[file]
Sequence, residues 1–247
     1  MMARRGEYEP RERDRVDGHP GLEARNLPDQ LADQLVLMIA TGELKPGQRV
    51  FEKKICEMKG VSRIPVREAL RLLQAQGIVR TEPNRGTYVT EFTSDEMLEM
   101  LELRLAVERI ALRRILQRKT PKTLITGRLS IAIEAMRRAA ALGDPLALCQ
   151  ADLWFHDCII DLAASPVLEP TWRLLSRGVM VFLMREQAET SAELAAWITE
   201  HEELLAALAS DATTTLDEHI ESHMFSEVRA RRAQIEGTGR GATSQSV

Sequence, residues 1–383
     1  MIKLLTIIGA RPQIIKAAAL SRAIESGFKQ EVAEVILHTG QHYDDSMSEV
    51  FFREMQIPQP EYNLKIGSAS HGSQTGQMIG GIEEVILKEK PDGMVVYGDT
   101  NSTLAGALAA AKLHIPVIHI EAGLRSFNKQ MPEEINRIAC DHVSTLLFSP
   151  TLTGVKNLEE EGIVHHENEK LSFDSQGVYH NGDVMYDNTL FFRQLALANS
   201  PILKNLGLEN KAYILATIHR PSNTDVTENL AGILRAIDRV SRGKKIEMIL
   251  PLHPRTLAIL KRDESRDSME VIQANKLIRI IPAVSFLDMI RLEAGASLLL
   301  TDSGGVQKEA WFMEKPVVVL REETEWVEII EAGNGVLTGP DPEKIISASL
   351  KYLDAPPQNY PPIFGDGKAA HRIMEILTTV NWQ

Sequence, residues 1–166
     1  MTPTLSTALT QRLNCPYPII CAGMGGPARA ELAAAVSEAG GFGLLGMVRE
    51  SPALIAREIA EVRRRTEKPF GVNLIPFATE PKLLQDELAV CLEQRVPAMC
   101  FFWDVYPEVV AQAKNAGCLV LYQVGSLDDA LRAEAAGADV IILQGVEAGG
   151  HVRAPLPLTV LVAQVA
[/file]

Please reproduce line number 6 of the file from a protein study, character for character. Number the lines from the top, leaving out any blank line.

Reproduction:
   201  HEELLAALAS DATTTLDEHI ESHMFSEVRA RRAQIEGTGR GATSQSV